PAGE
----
Tax Free Savings Account (TFSA) and You
By Robert Catalano
The Tax-Free Savings Account (TFSA) was introduced by the Federal Government in the 2008 budget and came into effect in 2009. You are able to use this flexible savings vehicle to save for a variety of your short-term and long term goals without any tax consequences. Let’s explore some of the benefits of this savings vehicle.
What is the Tax Free Savings Account?
The TFSA contains elements of both a registered and non-registered account. It allows Canadians to earn tax-free investment income and capital gains, which may help you reach your financial planning goals more quickly. It can also provide an additional source of tax-efficient savings and may complement existing registered savings plans. You may hold different types of investment such as a deposit account, Guaranteed Investment Certificates (GICs), and mutual funds.
Who can contribute to a TFSA?
All Canadian residents aged 18 and older who have a social insurance number will be able to open a TFSA.
Can I contribute to my spouse or child’s TFSA?
If you gift money to your spouse or adult child to contribute to their TFSA, the income and growth in the account will not be subject to the attribution rules. This could help a lower income spouse or adult child who has little or no earned income to earn tax-free investment income and save for retirement as everyone receives annual contribution.
How much can I contribute?
All eligible Canadian residents will be able to contribute $5,500 (limit was $5000 prior to 2013) to their TFSA every year. Therefore, there is up to $25 500 of eligible TFSA contribution room available.
Tax-free investment income and withdrawals
You will not pay tax on the investment income and capital gains earned inside your TFSA and consequently, you cannot use losses generated in the account to offset other taxable capital gains outside the TFSA. You can withdraw funds from the account for any reason, at any time, although timing may depend on what you invested in – for example non-redeemable GICs may not have matured. Withdrawals will not be included in your taxable income. For this reason, funds accumulating in your TFSA will not have an impact on any income-tested benefits you may be receiving, such as Old Age Security and Employment Insurance, or your entitlement to the age tax credit.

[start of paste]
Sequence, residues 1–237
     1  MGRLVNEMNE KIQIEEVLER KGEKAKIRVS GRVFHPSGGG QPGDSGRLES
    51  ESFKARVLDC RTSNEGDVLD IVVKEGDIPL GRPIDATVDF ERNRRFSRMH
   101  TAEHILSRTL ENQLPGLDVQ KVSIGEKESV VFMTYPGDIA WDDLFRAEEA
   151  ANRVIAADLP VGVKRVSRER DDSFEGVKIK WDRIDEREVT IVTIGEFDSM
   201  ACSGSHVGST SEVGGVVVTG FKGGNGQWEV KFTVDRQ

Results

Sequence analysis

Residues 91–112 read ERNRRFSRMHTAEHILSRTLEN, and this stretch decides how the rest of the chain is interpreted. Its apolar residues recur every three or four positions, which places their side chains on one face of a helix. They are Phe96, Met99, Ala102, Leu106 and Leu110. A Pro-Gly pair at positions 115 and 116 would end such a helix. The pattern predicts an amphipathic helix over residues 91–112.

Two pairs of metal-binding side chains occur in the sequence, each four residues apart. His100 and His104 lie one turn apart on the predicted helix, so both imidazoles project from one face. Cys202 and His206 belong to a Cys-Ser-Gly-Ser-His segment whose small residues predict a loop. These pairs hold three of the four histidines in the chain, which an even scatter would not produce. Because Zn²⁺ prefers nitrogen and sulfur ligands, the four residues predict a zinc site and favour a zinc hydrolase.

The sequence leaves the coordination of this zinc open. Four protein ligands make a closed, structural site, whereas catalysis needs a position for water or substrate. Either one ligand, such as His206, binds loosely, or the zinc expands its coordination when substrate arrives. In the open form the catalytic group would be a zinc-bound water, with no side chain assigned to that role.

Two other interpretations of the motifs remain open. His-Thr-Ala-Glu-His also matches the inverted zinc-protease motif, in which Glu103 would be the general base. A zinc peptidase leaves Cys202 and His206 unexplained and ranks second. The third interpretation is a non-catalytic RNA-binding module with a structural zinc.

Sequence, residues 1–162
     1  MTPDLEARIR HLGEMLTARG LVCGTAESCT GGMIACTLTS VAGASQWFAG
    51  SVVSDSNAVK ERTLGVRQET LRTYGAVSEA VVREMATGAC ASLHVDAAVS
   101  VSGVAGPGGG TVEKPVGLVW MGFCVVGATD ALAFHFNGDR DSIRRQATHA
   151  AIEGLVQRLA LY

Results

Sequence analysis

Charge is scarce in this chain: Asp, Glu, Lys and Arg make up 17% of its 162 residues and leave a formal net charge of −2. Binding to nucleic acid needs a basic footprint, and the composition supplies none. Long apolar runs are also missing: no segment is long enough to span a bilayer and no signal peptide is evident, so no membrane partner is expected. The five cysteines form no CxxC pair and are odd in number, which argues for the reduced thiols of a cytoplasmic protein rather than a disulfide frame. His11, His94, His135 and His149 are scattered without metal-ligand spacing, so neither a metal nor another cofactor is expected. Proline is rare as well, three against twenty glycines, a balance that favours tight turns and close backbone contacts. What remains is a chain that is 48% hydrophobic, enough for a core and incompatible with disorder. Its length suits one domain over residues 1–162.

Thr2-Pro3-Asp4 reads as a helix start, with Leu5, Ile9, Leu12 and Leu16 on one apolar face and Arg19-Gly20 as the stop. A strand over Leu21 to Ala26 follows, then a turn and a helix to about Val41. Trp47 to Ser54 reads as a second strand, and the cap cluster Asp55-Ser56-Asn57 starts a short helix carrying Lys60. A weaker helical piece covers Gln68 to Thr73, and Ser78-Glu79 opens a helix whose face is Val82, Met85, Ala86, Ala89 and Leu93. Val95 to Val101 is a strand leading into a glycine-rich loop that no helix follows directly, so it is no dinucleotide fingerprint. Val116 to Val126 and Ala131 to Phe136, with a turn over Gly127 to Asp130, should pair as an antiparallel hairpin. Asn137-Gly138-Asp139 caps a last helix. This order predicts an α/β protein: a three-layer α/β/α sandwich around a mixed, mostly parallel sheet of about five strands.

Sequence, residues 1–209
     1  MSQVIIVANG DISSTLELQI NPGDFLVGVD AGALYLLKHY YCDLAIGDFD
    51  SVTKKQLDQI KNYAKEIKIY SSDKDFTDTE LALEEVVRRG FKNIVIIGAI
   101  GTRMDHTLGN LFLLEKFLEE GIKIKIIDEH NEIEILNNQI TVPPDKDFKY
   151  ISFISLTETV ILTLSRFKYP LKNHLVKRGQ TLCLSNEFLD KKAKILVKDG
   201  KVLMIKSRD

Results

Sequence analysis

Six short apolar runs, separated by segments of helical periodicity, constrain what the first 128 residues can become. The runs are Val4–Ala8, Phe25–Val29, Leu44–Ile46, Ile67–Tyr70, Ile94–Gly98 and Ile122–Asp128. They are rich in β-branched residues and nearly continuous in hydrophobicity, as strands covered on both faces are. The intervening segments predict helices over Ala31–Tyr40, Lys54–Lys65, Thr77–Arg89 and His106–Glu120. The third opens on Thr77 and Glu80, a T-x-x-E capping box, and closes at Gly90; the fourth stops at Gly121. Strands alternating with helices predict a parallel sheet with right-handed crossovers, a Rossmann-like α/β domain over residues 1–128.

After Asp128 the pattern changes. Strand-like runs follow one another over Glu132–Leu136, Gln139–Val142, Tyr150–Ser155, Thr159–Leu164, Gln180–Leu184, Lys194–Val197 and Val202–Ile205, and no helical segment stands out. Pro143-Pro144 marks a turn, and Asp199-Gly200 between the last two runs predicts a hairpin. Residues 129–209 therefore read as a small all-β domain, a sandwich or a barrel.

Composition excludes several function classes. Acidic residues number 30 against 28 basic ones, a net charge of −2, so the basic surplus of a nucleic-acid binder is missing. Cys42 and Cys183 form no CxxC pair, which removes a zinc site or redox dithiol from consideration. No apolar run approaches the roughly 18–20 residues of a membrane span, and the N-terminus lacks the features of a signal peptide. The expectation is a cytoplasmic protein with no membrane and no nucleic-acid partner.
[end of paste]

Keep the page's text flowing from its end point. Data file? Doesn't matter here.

How does a TFSA compare to an RSP?
Here’s a summary of the main differences between these two accounts:
> If you contribute funds to an RSP they are tax-deductible. Funds you contribute to a TFSA are not.
> There are maximum age restrictions on making contributions to an RSP. If you are eligible, you can make contributions to a TFSA from age 18 onwards throughout your lifetime.
> The contribution room available in an RSP is determined according to your eligible earned income. For a TFSA, everyone accrues a defined amount of annual contribution room from age 18 onwards, irrespective of earned income.
> If you make withdrawals from your RSP, they are included in your income for the year in which you made the withdrawal. You will not pay tax on funds you withdraw from a TFSA.
> If you withdraw funds from an RSP you cannot recontribute them unless you generate more contribution room. This is not the case with the TFSA. When you make a withdrawal from your TFSA,
the amount withdrawn is automatically added to your contribution room for the following year. You can recontribute funds you have withdrawn at any time after the year you made the withdrawal.
> Funds withdrawn from your RSP will increase your taxable income for the year of withdrawal and may have an impact on any income-tested benefits or tax credits you may be receiving. In comparison, if you withdraw funds from a TFSA, you are not taxed on them. This means that the withdrawal will not affect your eligibility for income-tested benefits and tax credits.
> You are not required to convert a TFSA to an income-stream at a certain age, as is the case with an RSP.
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